Research Management Committee (RMC)



Daniel GoldowitzChairBio
Dan Goldowitz received his PhD in Psychobiology at the University of California at Irvine with a thesis that focused on the plasticity of the adult central nervous in response to lesions. His subsequent postdoctoral work at Harvard Children’s Hospital in Boston, the Karolinska Institute in Stockholm, and the University of Utah School of Medicine in Salt Lake City was in the development of the nervous system. His first position was as an assistant professorship at Jefferson Medical School in Philadelphia. Using approaches that were relatively novel to the study of the brain he pioneered approaches to ascertain the function of genes in brain and behaviour. He moved to the University of Tennessee Health Science Centre (UTHSC) in Memphis and was a leading force in organizing researchers across the State of Tennessee in forming a collaborative to use the mouse as a model organism to identify the function of the genes that were just being uncovered with the human genome project. The Tennessee Mouse Genome Consortium was the result of these efforts and this collaborative won one of three US National Institute’s of Health (NIH) awards (amounting to about US$13,000,000 over 5years with D. Goldowitz as the Principal Investigator) to understand the role of genes in the function of the brain. This success led the University of Tennessee system to create a US$6,000,000 in a program to fund a Centre of Excellence in Genomics and Bioinformatics proposed by Goldowitz. He also worked with other individuals at UTHSC to obtain NIH funding for projects to bring science education to the K-12 grades. He was awarded an endowed chair of Neurosciences at UTHSC. These efforts have resulted in national and international collaborations that Dan brought to Canada (the Centre for Molecular Medicine and Therapeutics at the Children and Family Research Inst at UBC). He currently holds a Tier 1 Canada Research Chair. He maintains strong NIH- , CIHR- and foundation-funded research programs in the genetics of brain development and function. After a bit more than one year in Canada the call for proposals from the Networks of Centres of Excellence (NCE) was published. A survey of the research landscape indicated that Canada had some incredible strength in brain development, both clinically and in the basic sciences, but that they were not united in a way that could bring a synergy that seemed possible. From this as a vantage point, and with a focus of creating a marriage between the clinical and basic sciences, Goldowitz led a successful application to be one of three new, federally funded NCEs, NeuroDevNet.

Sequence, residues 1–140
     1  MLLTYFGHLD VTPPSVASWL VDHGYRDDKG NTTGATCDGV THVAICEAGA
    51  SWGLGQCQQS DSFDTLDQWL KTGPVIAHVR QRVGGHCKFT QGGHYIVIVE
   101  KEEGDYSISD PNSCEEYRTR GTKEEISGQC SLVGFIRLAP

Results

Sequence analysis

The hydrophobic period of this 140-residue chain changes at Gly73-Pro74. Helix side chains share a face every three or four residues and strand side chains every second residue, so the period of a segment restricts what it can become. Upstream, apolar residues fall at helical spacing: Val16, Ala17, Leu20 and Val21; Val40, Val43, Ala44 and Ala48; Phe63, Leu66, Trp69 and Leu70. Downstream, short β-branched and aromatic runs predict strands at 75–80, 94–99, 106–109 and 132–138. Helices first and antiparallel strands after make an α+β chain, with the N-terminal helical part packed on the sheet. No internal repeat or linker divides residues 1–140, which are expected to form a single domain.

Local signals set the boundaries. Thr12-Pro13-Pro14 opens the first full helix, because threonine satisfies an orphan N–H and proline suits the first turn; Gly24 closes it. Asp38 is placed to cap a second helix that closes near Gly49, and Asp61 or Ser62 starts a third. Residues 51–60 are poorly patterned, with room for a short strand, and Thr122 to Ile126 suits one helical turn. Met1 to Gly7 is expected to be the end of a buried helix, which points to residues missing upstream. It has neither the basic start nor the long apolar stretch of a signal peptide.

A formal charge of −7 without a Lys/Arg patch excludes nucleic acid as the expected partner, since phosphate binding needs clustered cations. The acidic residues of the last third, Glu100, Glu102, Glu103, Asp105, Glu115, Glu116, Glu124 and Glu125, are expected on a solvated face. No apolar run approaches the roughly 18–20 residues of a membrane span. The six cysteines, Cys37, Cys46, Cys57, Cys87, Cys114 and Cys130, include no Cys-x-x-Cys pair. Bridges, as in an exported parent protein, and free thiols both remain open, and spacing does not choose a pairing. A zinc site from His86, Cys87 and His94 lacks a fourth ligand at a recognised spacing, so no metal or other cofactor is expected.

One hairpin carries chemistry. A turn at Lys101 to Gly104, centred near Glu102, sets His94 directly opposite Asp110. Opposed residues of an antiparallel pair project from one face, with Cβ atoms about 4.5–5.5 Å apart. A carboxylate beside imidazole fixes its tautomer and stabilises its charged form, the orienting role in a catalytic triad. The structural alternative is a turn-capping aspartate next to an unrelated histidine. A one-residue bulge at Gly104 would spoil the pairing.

Mark BiedaMemberBio
Dr. Bieda's overall research areas are in bioinformatics and epigenetics. He is particularly interested in roles of epigenetic modifications in controlling processes in neuroscience and cancer. Here, Dr. Bieda uses epigenetics in the “modern” sense (some would say incorrect sense) to refer to modifications of DNA and histones to control gene expression. He’d add in transcription factors here, too, with the risk of diluting epigenetic to just mean “transcriptional regulation”.
Kym BoycottMemberBio
Kym Boycott is a Neurogeneticist at the Children’s Hospital of Eastern Ontario (CHEO) and Investigator at the CHEO Research Institute. She is an Associate Professor and holds a Research Chair in Neurogenetics from the Faculty of Medicine at the University of Ottawa. She completed her PhD, MD and FRCPC training in Medical Genetics at the University of Calgary. Dr. Boycott’s research, bridging clinical medicine to basic science, is focused on elucidating the molecular pathogenesis of rare inherited neurological diseases using next-generation sequencing approaches. She is the Lead Investigator of the Genome Canada, CIHR, Genome BC and Genome Quebec funded ‘Finding of Rare Disease Genes in Canada’ (FORGE Canada) project which is investigating the molecular etiology of almost 200 rare pediatric diseases. Dr. Boycott’s second area of research is focused on translation of next-generation sequencing approaches to routine diagnostics and patient care.